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Did not Bishop Pivarunas shed some light on CEA? If I remember correctly in his recent lectures didn't he say that the part concerning heretics was of Divine Law and so could not be abbrogated by the Code? I must go and re-listen to the tapes.

In JMJ

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Tue Oct 31, 2006 9:11 am
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Pax Christi !

Luke,
Perhaps this will assist regarding CEA and its relation to the 1917 code?


Canon Law, A Text and Commentary"
Bouscaren & Ellis 1946.

Principles of Interpretation;

1. Canons which re-anact the old law without change are in reality nothing
more than the old law; and hence are subject to the same interpretation.

2. Canons which agree in part with the old law carry into the Code the
interpretations of the part of the old law which they re-enact.

3. In doubt whether the law has been changed or not, the presumption is
against the change; hence the old law with its interpretations may be
relied on.


Tue Oct 31, 2006 4:53 pm
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Thanks Vince. Also listened to Bishop Pivarunas again. Makes a lot of sense.

In JMJ

Luke


Wed Nov 01, 2006 5:07 pm
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Phineas wrote:
Mr. Lane, I thought I heard, on the forum with Mr. Sungenis, that you go the the SSPX. Did I mis-hear that? I'm of course suprised by the following that I quote from above.

"For example, he remained, as you point out, on excellent terms with all those sedeplenists who denied his "dogmatic fact," and continued to receive the sacraments from them. Which is impossible to square with the view that the non-papacy of JP2 really was a dogmatic fact"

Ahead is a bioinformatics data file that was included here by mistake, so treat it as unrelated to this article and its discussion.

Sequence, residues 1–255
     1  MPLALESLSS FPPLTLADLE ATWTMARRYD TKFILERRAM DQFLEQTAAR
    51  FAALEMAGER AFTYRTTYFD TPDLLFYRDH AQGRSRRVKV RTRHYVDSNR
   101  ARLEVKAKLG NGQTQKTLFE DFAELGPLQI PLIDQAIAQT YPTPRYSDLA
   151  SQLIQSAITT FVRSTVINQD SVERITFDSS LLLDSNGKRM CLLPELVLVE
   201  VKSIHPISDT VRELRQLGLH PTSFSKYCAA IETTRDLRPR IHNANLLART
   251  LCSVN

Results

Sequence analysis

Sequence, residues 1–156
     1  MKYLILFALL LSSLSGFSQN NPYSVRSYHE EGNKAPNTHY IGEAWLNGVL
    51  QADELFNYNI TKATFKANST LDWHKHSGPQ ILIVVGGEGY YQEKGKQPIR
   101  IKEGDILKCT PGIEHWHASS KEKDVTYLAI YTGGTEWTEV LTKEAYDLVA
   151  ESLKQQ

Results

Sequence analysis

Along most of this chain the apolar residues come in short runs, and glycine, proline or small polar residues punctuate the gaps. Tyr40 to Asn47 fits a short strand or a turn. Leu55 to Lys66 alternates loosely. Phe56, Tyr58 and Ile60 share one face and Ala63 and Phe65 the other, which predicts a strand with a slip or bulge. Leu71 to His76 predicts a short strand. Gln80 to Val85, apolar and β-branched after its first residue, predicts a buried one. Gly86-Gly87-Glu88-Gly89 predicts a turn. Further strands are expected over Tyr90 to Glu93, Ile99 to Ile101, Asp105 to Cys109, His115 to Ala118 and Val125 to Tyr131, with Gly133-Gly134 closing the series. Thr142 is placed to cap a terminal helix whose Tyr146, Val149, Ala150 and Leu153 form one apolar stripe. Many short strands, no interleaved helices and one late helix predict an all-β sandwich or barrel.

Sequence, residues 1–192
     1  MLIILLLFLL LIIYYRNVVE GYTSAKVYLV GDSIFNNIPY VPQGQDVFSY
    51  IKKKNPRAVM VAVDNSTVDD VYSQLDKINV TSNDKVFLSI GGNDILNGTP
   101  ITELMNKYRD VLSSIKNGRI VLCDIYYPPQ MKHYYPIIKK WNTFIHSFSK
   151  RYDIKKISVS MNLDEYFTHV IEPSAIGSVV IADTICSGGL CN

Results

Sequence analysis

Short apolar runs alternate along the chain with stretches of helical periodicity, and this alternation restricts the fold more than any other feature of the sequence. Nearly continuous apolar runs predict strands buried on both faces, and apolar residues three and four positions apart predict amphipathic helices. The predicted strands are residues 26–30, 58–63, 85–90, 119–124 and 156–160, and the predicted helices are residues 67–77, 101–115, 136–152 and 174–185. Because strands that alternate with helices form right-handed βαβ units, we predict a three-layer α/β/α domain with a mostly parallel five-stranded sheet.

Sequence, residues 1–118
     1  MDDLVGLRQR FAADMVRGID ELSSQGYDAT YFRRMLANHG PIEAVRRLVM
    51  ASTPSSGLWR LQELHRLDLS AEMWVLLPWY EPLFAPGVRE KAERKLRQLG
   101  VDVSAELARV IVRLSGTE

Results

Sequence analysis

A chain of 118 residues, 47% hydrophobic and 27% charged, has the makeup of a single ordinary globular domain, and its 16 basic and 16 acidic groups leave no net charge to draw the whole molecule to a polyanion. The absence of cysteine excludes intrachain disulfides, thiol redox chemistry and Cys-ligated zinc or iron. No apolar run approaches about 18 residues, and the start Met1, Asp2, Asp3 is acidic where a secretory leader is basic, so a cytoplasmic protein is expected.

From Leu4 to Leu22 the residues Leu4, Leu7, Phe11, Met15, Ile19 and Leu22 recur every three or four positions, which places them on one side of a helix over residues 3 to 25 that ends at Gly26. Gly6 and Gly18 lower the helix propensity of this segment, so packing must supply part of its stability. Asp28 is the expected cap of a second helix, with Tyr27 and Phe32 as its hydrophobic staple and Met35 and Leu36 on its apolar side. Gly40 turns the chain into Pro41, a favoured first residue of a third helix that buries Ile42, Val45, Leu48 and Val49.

Yes, since I was introduced to the traditional Mass in 1988, I have almost always assisted at Mass offered by a sedeplenist priest. The first was in New Zealand at an SSPX chapel. For many years afterwards I was a regular at the chapel operated by Fr. Augustine Cummins, CSSR (+ 2006, RIP), and for the past few years I have been a regular at an SSPX chapel.

Nor is any of this unusual. Despite the rhetorical excesses of some of our better-known sedevacantist clergy, the general policy of non-home-aloner sedevacantists has always been to remain in communion with sedeplenists and to assist at Holy Mass offered by them as necessity dictated. Bill Morgan was only one of many such men.

To me, the surprise is that the recent change in policy of some sedevacantist priests and laymen seems not to be regarded as the novelty that it is. Whether one agrees with it or not one cannot dispute that it is new.

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Wed Nov 01, 2006 11:48 pm
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New post Re: Cum ex apostolatus
John Lane wrote:
Flevimus dum recordaremur wrote:
Dear Mr. Lane,

Having read some of his newsletters, it appears to me that Bill Morgan did believe that Wojtyla's non-papacy was a dogmatic fact. I'll quote a few extracts under a new topic heading. So why did he resort to sedeplenists for the Sacraments? I asked him this a couple of times, but he didn't want to discuss the matter, even though he commented on all the other subjects I brought up. A mystery!

I've already explained this - Mr. Morgan did not appreciate the nature or the implications of his conclusion. In other words, he was wrong, and if he had been right, he would have had to avoid all sedeplenists as non-Catholics.